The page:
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Natural Pest Control for Garden Pests

Organic Pest Control for Garden Bugs

While some of our fellow gardeners are still waiting for the growing season to come around, we here in Zone 7A are full on! Our plants are coming along. We got them out early and nurtured them through some cold snaps and their leaves were so beautifully unblemished–for a time.

Garden Slugs

Like many in the audience, we are keen on organic gardening. Recent rains brought on a rash of garden slugs, ranging in size from that of a pencil lead to nearly three inches. Snails too. Wouldn’t it be great if they just stuck to one leaf. But no, they’re either quite picky eaters or entirely random impulse diners.

Getting in the garden early in the morning and picking off leaves seemed helpful but not entirely effective. So we resorted to spreading slug pellets, the Organic Materials Review Institute (OMRI)1) certified kind, in and around the rows. The badly shot-gunned leaves were removed and so we’ll keep checking the lesser damaged leaves for any continued slug feasting.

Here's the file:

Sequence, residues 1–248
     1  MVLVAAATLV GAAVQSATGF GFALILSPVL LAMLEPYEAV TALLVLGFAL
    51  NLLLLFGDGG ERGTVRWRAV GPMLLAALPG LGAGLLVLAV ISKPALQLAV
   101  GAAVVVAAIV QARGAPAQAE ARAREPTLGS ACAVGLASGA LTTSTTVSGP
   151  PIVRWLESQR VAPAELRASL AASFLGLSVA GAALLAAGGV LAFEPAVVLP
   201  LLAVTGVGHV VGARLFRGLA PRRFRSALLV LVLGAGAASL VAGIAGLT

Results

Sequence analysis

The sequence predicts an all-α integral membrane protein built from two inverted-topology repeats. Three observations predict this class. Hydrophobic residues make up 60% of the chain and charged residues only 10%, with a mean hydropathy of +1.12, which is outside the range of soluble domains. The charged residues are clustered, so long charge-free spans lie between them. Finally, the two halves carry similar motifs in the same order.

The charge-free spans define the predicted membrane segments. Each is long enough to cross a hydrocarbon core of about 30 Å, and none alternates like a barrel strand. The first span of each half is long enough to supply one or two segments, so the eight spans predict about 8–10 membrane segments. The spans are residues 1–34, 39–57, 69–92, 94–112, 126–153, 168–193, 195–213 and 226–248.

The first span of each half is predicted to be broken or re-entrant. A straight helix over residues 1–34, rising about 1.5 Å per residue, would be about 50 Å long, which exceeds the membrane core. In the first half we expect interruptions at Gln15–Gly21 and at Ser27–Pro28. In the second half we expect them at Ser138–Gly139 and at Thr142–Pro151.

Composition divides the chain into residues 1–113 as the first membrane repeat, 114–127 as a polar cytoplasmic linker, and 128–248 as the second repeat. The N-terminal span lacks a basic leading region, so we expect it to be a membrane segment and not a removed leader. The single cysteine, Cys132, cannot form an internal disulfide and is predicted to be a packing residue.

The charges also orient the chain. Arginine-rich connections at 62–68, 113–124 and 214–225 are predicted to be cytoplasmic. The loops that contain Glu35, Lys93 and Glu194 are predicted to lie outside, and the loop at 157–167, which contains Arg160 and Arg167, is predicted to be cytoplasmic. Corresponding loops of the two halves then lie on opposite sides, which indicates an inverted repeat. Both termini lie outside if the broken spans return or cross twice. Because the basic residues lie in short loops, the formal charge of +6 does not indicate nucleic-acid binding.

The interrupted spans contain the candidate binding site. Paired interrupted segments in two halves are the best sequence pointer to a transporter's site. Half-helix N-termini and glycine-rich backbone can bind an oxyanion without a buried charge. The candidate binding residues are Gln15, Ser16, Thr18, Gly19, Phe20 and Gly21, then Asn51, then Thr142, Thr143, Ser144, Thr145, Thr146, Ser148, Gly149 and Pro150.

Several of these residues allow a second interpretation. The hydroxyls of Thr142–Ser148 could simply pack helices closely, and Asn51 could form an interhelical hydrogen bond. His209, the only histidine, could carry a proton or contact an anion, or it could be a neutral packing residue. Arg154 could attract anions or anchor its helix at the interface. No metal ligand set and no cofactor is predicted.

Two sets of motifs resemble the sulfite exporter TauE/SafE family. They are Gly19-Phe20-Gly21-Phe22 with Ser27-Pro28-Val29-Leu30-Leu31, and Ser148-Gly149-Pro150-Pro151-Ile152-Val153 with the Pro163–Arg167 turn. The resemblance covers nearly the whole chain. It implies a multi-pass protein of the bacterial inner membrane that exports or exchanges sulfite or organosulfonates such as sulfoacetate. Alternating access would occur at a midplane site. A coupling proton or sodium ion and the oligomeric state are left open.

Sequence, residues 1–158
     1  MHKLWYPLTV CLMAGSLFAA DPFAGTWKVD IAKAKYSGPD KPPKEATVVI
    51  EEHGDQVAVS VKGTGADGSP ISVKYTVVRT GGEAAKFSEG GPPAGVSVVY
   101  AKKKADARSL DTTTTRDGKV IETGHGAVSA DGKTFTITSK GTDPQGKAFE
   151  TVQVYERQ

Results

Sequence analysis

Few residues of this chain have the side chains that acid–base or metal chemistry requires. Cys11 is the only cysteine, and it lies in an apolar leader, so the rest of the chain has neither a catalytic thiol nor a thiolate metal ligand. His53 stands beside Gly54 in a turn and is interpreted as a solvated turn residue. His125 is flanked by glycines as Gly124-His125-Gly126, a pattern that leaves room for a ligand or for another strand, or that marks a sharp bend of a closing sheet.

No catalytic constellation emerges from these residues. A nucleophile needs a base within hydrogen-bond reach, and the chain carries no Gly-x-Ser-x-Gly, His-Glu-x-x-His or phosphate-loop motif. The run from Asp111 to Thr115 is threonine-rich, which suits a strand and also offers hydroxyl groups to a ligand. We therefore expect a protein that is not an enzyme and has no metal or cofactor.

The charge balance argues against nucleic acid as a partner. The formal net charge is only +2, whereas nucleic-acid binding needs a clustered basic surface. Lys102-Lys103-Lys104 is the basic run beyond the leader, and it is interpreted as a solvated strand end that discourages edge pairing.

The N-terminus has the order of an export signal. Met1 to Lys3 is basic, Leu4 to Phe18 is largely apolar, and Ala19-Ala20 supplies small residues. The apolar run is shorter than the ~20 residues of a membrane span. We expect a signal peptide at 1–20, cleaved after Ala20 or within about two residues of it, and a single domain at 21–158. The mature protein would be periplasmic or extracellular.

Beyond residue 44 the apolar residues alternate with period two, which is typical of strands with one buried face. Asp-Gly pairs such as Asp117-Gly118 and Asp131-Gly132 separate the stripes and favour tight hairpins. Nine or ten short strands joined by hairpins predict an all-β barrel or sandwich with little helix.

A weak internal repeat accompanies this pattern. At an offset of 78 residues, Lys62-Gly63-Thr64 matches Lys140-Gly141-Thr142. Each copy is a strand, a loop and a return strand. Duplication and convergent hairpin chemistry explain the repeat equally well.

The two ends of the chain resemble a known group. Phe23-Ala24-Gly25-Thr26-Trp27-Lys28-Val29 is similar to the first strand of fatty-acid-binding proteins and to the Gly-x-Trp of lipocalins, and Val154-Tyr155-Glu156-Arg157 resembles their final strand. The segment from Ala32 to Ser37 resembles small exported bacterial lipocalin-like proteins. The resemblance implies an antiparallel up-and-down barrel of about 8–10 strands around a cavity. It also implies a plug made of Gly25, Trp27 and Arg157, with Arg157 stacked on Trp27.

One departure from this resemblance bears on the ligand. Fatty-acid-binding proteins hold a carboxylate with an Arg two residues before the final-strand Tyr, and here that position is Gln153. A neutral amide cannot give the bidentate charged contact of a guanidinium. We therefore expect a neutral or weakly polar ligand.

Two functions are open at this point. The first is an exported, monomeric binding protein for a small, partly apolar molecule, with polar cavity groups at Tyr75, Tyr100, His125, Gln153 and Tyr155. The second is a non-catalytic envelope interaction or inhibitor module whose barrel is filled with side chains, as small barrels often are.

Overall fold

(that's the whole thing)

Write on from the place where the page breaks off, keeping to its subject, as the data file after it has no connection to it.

Flea Beetles

Worse than slugs, our tomato plants are showing signs of flea beetles. The lower leaves are riddled with pinprick holes and a few of the little pinheads have been seen and squished, but mostly they scatter and are hard to combat. Aptly named, because they have strong hind legs that help them jump and quickly scatter.


Flea beetles - image from
Flea beetles – image from

We really want to keep the garden pest free AND pesticide free, using natural gardening methods. So after doing a broad search on treatments, we decided to declare biological warfare and deploy beneficial nematodes.


Microbes for Biological Teamwork

Beneficial nematodes, steinernema-feltiae. Image from
Beneficial nematodes, steinernema-feltiae. Image from

My mother-in-law, who lived in Hawaii for many years, almost freaked out when told we were actually adding nematodes to the garden. She recalled that they were the bane of any in-ground gardener, and if one were to grow anything, the ground had to be fumigated to KILL the nematodes first. Chances are, that would also do damage to beneficial organisms.